Researchers at the Wyss Institute and Harvard Medical School have discovered a method involving yeast for inducing magnetic sensitivity in an organism that is not naturally magnetic.
Magnetic fields are everywhere, but few organisms can sense them. Those that do, use magnetic sensitivity as a natural global positioning system to guide them along migratory routes. How these few magnetically aware organisms gain their magnetism remains one of biology’s unsolved mysteries.
Researchers Pamela Silver, PhD, a professor of biochemistry and systems biology and Keiji Nishida, PhD, research fellow in systems biology at Harvard Medical School, were able to imbue yeast with similar properties. “Magnetism in nature is a mysterious biological function that very few living systems exploit,” says Silver.
The presence of iron can cause magnetism, but most cells, if exposed to this common metal, hide it away in sealed-off cavities where it cannot have an effect. Silver and Nishida were able to block expression of the protein that causes the iron sequestration, allowing the iron to circulate freely throughout the yeast cell. In this way, they created enough magnetic sensitivity in the cell to cause it to migrate toward an external magnet.
The researchers found a gene that correlates with magnetism by instructing the production of a critical protein that can dial up magnetism. They enhanced the magnetic sensitivity through interaction with a second protein that regulates cell metabolism. Since the same metabolic protein functions similarly in cells ranging from simple yeast to more advanced—even human—cells, the method could be applied to a range of organisms.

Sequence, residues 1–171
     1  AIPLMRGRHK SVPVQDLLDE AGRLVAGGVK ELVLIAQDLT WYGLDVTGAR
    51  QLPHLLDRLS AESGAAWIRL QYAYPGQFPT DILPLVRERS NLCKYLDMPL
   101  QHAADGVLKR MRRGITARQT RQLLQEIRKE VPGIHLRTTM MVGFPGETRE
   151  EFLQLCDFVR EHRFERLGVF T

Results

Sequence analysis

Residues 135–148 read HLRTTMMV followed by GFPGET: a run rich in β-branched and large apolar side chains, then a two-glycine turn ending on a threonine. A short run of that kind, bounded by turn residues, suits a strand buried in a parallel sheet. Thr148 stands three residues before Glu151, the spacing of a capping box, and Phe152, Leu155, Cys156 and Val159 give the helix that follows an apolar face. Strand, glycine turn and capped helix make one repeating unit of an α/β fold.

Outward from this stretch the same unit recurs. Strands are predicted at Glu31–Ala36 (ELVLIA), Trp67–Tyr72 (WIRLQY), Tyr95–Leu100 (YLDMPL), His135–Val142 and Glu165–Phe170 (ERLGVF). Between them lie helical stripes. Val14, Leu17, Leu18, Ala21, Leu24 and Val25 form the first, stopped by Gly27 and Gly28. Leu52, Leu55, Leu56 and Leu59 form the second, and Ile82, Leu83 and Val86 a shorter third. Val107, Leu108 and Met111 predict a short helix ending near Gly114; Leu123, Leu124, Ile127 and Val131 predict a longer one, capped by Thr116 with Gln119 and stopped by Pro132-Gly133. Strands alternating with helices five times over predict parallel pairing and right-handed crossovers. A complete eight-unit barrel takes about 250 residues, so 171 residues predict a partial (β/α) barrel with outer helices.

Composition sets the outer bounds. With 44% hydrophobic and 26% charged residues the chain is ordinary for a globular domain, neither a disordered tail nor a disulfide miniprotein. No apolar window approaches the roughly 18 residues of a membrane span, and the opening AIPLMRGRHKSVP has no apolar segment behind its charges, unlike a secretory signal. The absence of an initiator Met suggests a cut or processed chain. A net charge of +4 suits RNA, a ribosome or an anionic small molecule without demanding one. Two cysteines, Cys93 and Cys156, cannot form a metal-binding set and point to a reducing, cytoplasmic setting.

Silver notes that in an industrial setting, magnetization could be helpful as a means of targeting and isolating specific cells. Contaminated cells could be pulled out and disposed of during the processing of biological materials, and cells that are critical to a certain manufacturing process could be isolated and put to use. Magnetic cells could also be used to interact with non-living machinery. For example, magnetism could be used in tissue engineering to guide cells to layer themselves on a scaffold in a specific way. New therapies may be created in which cells are engineered to respond to a magnetic field by growing or healing, and implanted magnetic stem cells may be tracked with magnetic resonance imaging.
“This work shows how design principles from one type of cell can be harnessed using synthetic biology to transfer novel functionalities to another, which is a core approach driving the field of biologically inspired engineering,” says Donald Ingber, MD, PhD, Wyss Institute founding director. “The ability to control cells magnetically will also synergize with many other technologies that rely on use of magnetic fields to control cell functions remotely, or to isolate rare cells from biological fluids.”
The research findings appear in PLoS Biology.
Release Date: Feb 28, 2012
Source: Wyss Institute for Biologically Inspired Engineering-Harvard University